“Frequently avoidance of the present leads to idealization of the future… When an event does not live up to your expectations you can get out of the depression by idealizing again. Do not let this vicious circle become your life-style. Interrupt it now with some strategic present-moment fulfillment.”
― Wayne W. Dyer, Your Erroneous Zones
It’s so easy to get caught up in the thinking that our happiness is tied up in achieving something in the future. We may tell ourselves how wonderful our lives are going to be once we lose weight, and meanwhile our one and only precious lives are passing us right by.
Weight loss is a process and a journey, not a magic cure-all. If you hate yourself right now, you will probably find things to hate about yourself once you’re thinner. Being self-critical and self-loathing are deeply ingrained patterns that aren’t simply erased once you get thin. I’ve had many women who’ve lost 100 lbs. or more tell me that inside they still feel the same. They feel like a fat person in a thin body. Many of these women had bariatric surgery and didn’t spend much time doing the inner work to release the self-defeating patterns and limited thinking that got them big in the first place.
There’s a quote by Jon Kabat-Zin that says it all: “Wherever you go, there you are.” You can’t escape yourself even if you change your outer appearance. Once you get this on a deep level, you get more willing to do the deeper work.
So many of us want to take short cuts or the fast and easy way to get to our weight loss goal. Unfortunately, weight loss is a process and even if your short cut gets you there, you still haven’t learned the key skills to keep the weight off. Weight loss is actually the easy part; maintenance is where the real skill and challenge lies.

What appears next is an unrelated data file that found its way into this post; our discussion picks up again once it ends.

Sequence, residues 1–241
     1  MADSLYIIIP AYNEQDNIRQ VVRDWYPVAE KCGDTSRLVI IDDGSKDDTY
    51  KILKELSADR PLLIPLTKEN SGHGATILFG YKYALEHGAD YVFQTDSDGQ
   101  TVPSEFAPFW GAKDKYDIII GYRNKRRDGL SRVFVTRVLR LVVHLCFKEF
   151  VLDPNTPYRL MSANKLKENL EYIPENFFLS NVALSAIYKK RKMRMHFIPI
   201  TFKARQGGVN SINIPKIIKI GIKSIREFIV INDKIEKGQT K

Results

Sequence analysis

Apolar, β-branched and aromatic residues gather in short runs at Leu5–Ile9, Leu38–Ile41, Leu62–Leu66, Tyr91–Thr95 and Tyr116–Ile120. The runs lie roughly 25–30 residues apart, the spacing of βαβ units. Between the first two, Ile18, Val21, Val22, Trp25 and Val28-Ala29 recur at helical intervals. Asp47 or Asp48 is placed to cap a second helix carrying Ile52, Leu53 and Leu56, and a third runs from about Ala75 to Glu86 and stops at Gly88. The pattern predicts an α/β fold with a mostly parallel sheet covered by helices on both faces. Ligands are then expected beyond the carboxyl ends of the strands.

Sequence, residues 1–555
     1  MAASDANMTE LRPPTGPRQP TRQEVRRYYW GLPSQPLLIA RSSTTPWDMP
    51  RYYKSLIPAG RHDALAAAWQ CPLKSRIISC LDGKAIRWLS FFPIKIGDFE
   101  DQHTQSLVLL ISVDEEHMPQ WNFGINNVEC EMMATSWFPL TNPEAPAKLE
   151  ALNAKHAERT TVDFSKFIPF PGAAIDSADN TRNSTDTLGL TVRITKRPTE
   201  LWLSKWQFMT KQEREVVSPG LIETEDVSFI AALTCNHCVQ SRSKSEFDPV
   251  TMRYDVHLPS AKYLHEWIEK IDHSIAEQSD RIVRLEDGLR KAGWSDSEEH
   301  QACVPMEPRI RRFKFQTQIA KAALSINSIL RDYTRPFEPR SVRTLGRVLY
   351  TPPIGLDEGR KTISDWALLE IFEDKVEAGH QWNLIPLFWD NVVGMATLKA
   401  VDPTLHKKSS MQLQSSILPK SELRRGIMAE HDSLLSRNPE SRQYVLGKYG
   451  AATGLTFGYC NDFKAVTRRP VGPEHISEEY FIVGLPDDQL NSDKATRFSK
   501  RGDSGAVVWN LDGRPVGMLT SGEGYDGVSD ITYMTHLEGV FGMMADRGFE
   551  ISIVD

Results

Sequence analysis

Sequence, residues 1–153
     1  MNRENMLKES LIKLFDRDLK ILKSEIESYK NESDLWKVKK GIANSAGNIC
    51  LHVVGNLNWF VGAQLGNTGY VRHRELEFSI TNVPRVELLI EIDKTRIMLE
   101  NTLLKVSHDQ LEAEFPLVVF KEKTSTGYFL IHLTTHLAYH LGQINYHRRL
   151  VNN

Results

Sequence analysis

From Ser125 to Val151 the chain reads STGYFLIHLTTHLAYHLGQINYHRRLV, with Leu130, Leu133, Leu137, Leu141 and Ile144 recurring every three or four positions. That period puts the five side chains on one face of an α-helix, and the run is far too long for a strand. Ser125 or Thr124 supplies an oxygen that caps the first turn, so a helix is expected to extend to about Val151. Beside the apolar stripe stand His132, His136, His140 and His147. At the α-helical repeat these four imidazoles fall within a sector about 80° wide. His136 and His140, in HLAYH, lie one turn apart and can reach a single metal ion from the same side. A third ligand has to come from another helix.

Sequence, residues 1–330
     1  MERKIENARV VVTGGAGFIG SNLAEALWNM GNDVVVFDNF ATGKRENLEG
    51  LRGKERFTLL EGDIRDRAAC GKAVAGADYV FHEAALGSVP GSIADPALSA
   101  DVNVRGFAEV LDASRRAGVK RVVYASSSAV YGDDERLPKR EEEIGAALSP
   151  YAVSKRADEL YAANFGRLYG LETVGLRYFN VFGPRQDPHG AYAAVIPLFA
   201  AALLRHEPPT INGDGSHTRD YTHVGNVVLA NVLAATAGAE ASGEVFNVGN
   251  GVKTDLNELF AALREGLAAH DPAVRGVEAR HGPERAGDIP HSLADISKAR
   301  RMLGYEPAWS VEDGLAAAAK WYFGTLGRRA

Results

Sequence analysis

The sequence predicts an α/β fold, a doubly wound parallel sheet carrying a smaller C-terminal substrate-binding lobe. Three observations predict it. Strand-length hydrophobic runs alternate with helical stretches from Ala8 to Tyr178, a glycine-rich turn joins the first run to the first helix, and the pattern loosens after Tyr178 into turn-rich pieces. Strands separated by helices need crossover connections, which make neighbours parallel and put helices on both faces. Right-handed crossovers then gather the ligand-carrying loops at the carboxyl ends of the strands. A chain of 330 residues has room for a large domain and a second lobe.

Over the years I’ve had many clients tell me, “I need to get this weight off quickly. Once I do, I will then learn how to maintain it.” Unfortunately, you need to learn maintenance as you go, not once you get there. As soon as most people reach their goal, they immediately start to pack on the pounds again. This is because they’ve only learned two ways of being: overeating or dieting. They haven’t learned the place of balance, the place of maintenance.
Trying to rush the process is self-defeating in the end. I’ve had people come to me who’ve lost and regained 100 lbs. two to three times. That’s a whole lot of life energy spent spinning your wheels. They would have been much better served if they had spent that energy learning better coping tools and working on their self-defeating thinking patterns so they didn’t regain the weight over and over again.
The most important thing you can do for yourself is to accept where you’re at right now on this journey. Don’t try to push the river. You can lose weight mindfully by realizing each moment and each stage of the journey holds important lessons and insights for you. Relax and stay in the present. If you try to jump ahead, you don’t learn the lessons, and you shortchange yourself. Having patience and trust is a big part of the process. Trust that as you move forward, you will be given what you need to learn and grow into the next stage. We struggle and suffer when we think the process should fit our timetable. Instead of resisting and controlling the process, we need to adjust and surrender to it, and as we do, we get what we need…and not a moment sooner.
So wherever you are, relax. This moment contains all you will ever need.
Are you struggling to lose weight? Would you like to learn how to lose weight using mindfulness?
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